Today we celebrate Octavia E. Butler, but not as well as NASA. NASA has named the touchdown site of the Perseverance rover “Octavia E. Butler Landing.”
NASA announced they would informally redesignate the Mars rover’s landing site inside Jezero Crater on Friday (March 5), during the same press conference where the agency revealed Perseverance made its first drive on Mars.
Butler was the first African American woman to win both the Hugo and Nebula awards that honor great science fiction, and the first science fiction writer overall who received a MacArthur Fellowship. Her notable work includes the stories “Kindred,” “Bloodchild,” “Speech Sounds,” “Parable of the Sower,” “Parable of the Talents,” and the “Patternist” series. She died in 2006.
From a recent profile in The New Yorker:
A practical aunt counselled her that “Negroes” couldn’t be writers. Yet although Butler had “never read a printed word that I knew to have been written by a Black person,” she was undeterred. “Positive obsession is about not being able to stop just because you’re afraid and full of doubts,” she wrote in a 1989 essay for Essence. “Positive obsession is dangerous. It’s about not being able to stop at all.”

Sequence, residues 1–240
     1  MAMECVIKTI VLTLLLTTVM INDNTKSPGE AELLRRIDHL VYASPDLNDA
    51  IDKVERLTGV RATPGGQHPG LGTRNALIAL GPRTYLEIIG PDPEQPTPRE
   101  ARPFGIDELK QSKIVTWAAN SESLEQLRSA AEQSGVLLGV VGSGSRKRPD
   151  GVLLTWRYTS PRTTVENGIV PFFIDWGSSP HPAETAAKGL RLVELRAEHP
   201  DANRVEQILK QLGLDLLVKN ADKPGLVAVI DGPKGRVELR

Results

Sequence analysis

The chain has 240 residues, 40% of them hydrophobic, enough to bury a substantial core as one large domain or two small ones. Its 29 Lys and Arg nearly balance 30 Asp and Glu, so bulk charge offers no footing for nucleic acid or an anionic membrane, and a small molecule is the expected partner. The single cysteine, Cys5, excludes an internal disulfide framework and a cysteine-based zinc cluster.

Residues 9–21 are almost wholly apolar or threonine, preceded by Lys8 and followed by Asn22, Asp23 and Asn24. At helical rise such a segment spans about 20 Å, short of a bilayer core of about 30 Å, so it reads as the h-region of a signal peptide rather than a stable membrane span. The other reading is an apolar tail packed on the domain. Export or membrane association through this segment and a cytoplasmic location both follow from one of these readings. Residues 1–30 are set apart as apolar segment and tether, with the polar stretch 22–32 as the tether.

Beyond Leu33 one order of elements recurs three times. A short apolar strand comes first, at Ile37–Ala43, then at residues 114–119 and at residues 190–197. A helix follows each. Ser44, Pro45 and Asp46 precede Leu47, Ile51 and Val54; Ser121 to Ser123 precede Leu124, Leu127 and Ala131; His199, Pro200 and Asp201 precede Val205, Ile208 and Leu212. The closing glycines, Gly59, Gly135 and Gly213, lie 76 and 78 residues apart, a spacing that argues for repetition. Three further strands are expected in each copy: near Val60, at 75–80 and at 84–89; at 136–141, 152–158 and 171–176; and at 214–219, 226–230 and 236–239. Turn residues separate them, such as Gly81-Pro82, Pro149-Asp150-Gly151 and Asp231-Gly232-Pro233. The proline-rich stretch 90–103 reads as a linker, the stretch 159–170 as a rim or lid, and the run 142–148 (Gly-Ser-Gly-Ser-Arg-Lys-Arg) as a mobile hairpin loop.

She was a library-dweller, a writer of affirmations, an aficionada of self-hypnosis, and a diligent apprentice at her craft. After she’d earned an associate’s degree at Pasadena City College, she enrolled in workshops that competed for time with gigs like telephone solicitor and potato-chip inspector. (Sometimes she woke up at 2 a.m. to write before work.) Her career has been as inspiring as her books for the writers who consider themselves—to crib the title of adrienne maree brown and Walidah Imarisha’s 2015 anthology—“Octavia’s Brood.”
The first story Butler sold,“Childfinder,” was written for a workshop led by Harlan Ellison, in 1971. A vignette about a racial schism in a clandestine organization of telepaths, it looked ahead to the series of novels that inaugurated her literary career, though five difficult years passed before her first book, “Patternmaster,” was published. A down-and-out L.A. haunts the periphery of her fiction: factory workers with abusive lovers, fights on city buses, killings in a city whose inhabitants suddenly lose the ability to speak. The volatile bonds of desperate people living and working in close quarters seem to have provided a model for telepathy in her fiction, an ability that tortures its adepts with the mental noise of others’ pain. Empathy, in her work, is often less a virtue than a vulnerability or a weapon.